• Question: what kind of questions do they ask you in job interviews

    Asked by rasik_7 to Christl, Devon, Dmitry, Heather, Jonathan, Michael, Rebecca, Richard, Sarah, Tim.M, Tim.S on 24 Jan 2018.
    • Photo: Sarah Finnegan

      Sarah Finnegan answered on 24 Jan 2018:


      Some of my most frequent questions are 1) How does this job fit into your long term plans, 2) Tell us why you want this job, 3) Give us a bit of background as to how you got here i.e. what have you been doing before now. And the dreaded question! 4) What is your biggest weakness at work.

    • Photo: Dmitry Dereshev

      Dmitry Dereshev answered on 24 Jan 2018:


      All sorts 🙂

      “Tell me about yourself” is very typical.
      “Where do you see yourself 2, 3, 5 years from now?”
      “Why do you want to work for us?”
      “Do you have any interviews planned with other companies?”
      “Is there anything you’d like to ask me?”

      Some other questions focus on your skills and experiences, and how those match the job you are applying for.
      Some include collective or individual exercises which expose skills and behaviours employers look for.
      Then there are those who ask “out of the blue” questions to try and catch you out, and see how you react to something unexpected like that. Example: “why are manholes round/square/triangular (depending on the country)?”

      Some typical questions are here: https://www.monster.co.uk/career-advice/article/what-are-the-most-common-job-interview-questions

    • Photo: Jonathan Kay

      Jonathan Kay answered on 24 Jan 2018:


      It varies enormously.

      If they’re well-organised they will have already established that you can do the job, or have some specific questions to ask to make sure that is the case. So the questions might be a lot less technical than you expect.

      They’ll then want to discover if you will be a good colleague.

      Being good at being interviewed is a skill that can be learnt. And practice helps a lot.

      When I’m interviewing I tend to spend a fair bit of time framing the interview… this is how it’s going to go, tell us if any question isn’t clear, at the end we’ll ask if there’s anything else you’d like to discuss… and then start with some softball to get the conversation going. Then I push on anything interesting until I see how the candidate handles not knowing the answers. (There are lots of questions that none of us can answer.) The fatal mistake is to bluff at that point. I’m looking for responses along the lines of recognising limitations and saying how they’d handle them, such as asking for advice.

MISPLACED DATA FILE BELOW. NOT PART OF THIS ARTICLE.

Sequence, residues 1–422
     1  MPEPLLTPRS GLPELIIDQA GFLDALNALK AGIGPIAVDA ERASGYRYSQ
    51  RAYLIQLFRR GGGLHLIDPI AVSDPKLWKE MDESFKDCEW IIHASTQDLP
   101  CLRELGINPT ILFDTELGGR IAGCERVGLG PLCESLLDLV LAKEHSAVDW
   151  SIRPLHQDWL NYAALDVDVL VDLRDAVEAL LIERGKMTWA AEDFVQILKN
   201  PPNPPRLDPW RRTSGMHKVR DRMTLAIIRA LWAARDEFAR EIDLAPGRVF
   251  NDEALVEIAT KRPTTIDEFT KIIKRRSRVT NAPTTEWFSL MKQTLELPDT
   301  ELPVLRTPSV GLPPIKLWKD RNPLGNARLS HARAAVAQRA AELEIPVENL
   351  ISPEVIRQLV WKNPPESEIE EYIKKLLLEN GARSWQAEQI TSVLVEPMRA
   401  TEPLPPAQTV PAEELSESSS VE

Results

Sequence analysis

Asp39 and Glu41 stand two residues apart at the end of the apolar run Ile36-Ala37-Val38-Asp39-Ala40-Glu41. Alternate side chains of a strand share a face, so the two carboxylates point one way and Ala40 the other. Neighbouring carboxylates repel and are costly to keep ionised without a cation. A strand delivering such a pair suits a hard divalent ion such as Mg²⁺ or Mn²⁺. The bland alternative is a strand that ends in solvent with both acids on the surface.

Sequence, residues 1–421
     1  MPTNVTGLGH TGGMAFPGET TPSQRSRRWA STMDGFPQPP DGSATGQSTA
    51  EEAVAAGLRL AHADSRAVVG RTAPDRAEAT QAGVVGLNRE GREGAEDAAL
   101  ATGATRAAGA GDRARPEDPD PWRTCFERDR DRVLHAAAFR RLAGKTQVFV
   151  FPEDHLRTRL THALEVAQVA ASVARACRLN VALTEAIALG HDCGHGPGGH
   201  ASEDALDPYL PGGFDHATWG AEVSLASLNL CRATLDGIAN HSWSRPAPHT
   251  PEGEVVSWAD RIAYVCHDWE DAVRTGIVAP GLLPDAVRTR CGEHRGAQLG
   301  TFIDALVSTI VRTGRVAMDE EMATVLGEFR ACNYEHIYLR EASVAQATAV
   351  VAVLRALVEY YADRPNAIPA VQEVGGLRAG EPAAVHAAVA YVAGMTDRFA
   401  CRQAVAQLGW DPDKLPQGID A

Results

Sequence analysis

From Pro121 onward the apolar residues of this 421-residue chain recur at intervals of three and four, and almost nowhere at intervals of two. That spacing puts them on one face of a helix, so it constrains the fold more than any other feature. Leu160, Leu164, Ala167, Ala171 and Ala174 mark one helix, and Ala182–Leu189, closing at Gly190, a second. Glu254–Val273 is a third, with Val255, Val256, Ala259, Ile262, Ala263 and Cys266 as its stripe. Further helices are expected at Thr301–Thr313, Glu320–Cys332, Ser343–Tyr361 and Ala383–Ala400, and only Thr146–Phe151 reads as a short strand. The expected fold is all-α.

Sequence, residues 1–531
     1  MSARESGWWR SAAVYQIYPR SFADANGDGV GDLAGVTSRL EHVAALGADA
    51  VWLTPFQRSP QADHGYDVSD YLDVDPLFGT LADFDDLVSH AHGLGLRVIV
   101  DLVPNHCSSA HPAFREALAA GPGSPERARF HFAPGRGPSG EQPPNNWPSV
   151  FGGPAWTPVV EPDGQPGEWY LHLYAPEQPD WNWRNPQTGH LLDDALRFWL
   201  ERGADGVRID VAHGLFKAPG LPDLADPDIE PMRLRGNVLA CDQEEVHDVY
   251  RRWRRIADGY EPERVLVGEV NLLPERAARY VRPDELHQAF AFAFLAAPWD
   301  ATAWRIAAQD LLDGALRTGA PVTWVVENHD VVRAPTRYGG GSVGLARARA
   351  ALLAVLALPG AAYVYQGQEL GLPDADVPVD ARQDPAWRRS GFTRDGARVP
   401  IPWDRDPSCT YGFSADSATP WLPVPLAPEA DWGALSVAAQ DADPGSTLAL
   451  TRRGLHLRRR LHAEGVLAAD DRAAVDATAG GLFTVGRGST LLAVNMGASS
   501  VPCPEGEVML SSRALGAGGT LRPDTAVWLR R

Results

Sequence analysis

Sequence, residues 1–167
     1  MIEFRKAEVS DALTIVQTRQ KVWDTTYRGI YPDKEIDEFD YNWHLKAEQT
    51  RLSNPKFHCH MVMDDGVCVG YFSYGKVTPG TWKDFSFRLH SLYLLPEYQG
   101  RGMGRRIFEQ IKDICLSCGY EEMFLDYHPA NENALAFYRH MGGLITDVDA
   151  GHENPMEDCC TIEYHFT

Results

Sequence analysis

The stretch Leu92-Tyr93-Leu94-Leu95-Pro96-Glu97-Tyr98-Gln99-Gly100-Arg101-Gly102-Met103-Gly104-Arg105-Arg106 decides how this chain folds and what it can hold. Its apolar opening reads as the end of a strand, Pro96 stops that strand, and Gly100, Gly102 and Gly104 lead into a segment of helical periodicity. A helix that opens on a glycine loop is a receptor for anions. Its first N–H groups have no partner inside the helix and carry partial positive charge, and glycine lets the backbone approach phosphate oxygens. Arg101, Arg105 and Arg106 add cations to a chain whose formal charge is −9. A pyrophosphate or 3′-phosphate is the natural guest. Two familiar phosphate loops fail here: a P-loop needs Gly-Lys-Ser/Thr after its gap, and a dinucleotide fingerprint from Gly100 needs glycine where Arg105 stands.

Jonathan

      PS: The evidence is against interviews being a reliable and fair way of achieving their aims.

    • Photo: Tim Millar

      Tim Millar answered on 24 Jan 2018:


      For me thay asked me to give a presentation, 20min on my work and then how I thought I would add value to the department. Also what are my ideas and where do i see myself in the future. Some very job specific some more general. Practice is important though so ask a friend, the careers teacher or an adult to help prepare. Practice, practice, practice…

    • Photo: Rebecca Dewey

      Rebecca Dewey answered on 24 Jan 2018:


      They usually want you to be able to tell them why you would be good at the job they are advertising. What skills or plans or experience do you have that will help you be good at the job?

    • Photo: Christl Donnelly

      Christl Donnelly answered on 24 Jan 2018:


      How about ‘Why do you want to leave [current employer]?” Be prepared for this so you can answer honestly but without ranting about them.

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